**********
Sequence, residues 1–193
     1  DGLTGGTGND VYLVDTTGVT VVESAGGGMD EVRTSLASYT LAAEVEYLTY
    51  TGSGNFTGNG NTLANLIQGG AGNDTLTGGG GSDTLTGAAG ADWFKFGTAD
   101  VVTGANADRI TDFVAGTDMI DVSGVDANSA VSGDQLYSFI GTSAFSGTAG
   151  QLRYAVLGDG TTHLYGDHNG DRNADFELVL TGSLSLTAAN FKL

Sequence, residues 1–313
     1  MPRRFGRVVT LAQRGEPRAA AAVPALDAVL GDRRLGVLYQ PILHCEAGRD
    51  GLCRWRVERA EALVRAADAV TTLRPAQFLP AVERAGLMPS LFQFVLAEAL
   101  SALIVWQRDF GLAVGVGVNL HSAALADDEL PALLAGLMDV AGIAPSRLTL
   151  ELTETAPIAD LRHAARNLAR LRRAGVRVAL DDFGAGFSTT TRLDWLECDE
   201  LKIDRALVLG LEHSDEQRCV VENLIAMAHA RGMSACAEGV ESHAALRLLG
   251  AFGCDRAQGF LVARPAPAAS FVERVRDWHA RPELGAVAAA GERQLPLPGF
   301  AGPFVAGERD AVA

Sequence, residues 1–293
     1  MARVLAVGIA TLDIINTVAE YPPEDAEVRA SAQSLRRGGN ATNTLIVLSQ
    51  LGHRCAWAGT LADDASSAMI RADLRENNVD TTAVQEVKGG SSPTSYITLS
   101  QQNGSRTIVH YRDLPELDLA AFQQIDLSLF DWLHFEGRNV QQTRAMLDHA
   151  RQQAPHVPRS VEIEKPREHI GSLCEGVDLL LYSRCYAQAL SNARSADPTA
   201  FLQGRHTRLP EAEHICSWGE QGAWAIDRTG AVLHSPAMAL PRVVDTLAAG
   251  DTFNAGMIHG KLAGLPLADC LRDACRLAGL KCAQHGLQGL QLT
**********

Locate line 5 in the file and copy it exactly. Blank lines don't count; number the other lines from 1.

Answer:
   151  QLRYAVLGDG TTHLYGDHNG DRNADFELVL TGSLSLTAAN FKL